While the multifaceted debate on future inflation will persist, the reaction function of policy makers has become even more intertwined. It may therefore serve policymakers to acknowledge that this is indeed no ordinary recovery and that both coordination, vigilance and a fine balance will be required to minimise the potential long-term cost of this transition.
MARKET PERFORMANCE (ZAR)
South Africa has been acutely aware of the slow but steady start to its vaccination efforts as the country prepares for the winter months and the expected third wave of infections. Rising coronavirus cases across the country prompted a move back to adjusted Alert Level 2 restrictions at the end of the May and President Ramaphosa clarified the regulatory delays responsible for the holdup in the Johnson & Johnson Sisonke trails.
In line with global trends, the April inflation print showed a meaningful pickup to 4,4%, reflecting base effects from pandemic related price declines in 2020, but also persistent price increases from transport cost (mainly fuel) and food prices. The South African Reserve Bank (SARB) kept interest rates unchanged at their April MPC meeting – a unanimous decision by the committee. While the SARB assessed the inflation outlook to be contained over the forecast period, it expressed vigilance and highlighted increased risks. Releasing credit ratings statements over the month, S&P, Moody’s and Fitch left South Africa’s credit rating unchanged, with Moody’s and Fitch retaining their negative outlook.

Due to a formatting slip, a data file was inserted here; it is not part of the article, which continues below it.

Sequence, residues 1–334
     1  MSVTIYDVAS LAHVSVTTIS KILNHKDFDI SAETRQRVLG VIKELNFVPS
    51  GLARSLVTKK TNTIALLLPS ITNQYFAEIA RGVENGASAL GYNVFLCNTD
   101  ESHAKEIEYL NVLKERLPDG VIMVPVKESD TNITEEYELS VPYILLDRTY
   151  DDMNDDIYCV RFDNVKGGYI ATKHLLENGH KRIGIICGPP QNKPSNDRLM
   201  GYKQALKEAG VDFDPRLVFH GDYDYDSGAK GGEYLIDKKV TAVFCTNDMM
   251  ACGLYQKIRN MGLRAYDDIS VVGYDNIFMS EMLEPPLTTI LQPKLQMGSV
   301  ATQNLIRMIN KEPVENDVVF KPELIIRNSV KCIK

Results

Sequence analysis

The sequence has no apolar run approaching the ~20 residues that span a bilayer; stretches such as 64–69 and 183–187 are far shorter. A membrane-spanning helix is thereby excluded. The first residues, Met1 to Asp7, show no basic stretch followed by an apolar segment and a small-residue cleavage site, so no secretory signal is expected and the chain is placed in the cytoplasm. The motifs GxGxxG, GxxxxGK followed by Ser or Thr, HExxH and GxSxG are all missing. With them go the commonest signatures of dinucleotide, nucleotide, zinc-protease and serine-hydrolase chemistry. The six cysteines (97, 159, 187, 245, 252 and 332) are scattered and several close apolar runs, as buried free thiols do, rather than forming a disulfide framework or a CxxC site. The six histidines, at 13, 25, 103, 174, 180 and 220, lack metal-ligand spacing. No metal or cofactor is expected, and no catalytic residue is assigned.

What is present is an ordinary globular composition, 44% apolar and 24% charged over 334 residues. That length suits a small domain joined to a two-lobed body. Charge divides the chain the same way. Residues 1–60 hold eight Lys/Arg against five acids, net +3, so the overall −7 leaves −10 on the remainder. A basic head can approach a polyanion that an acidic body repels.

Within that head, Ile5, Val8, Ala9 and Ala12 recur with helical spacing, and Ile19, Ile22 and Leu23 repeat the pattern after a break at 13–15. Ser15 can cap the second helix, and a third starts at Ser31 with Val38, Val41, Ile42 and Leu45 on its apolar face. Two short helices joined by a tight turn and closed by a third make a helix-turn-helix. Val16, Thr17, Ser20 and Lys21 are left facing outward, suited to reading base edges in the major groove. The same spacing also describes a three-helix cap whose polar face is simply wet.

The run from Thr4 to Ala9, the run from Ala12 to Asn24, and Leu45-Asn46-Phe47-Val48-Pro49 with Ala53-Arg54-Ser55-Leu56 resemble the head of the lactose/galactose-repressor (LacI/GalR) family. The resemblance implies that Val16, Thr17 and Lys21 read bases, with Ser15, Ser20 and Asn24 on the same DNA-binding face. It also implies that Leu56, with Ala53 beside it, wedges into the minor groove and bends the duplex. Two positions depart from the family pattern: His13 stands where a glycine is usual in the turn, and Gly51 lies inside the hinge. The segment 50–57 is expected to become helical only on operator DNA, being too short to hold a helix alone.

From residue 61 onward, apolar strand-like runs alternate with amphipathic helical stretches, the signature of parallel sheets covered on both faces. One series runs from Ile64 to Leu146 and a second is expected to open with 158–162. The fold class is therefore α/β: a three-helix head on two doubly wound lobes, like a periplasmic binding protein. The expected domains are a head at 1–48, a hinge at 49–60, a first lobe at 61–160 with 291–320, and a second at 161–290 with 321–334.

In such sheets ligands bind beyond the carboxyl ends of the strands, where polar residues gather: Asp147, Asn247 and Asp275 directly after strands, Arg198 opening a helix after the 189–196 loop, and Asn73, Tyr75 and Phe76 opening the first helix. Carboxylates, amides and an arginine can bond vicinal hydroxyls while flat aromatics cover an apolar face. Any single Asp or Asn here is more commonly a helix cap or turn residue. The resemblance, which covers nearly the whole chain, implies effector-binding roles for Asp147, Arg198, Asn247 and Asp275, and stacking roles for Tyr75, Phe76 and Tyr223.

The Rand strengthened by circa 5,3% against the US dollar in May, reaching its best level in years, while local bonds benefitted from well supported bond auctions. Currency movements also helped embattled energy provider Eskom, with the company indicating a decrease in debt of circa R83bn, partly helped by exchange rate movements. The All Bond Index gained 3,7% in May, lifting year to date returns to 3,9%. With the inflation debate front and centre of the current market narrative, inflation linked bonds returned 3,4% over the month.
The FTSE/JSE All Share Index continued its winning streak, gaining a further 1,6%. Domestically exposed counters led the charge with the Small Cap and Mid Cap indices gaining 3,3% and 6,2% respectively relative to the Top 40 (1,1%). The financial sector was the best performing sector over the month, gaining 9,2%. Despite a difficult operating environment, a range of companies are reporting credible financial results, including those primarily exposed to the local economic dynamics. Corporate action also caused undercurrents for bellwethers Naspers (-7,9%) and Prosus (-9.7%) as a proposed share exchange was met with a less than favourable response. News that global industry player Heineken was in discussions with Distell to purchase the majority of their business helped the share price gain 34,5%.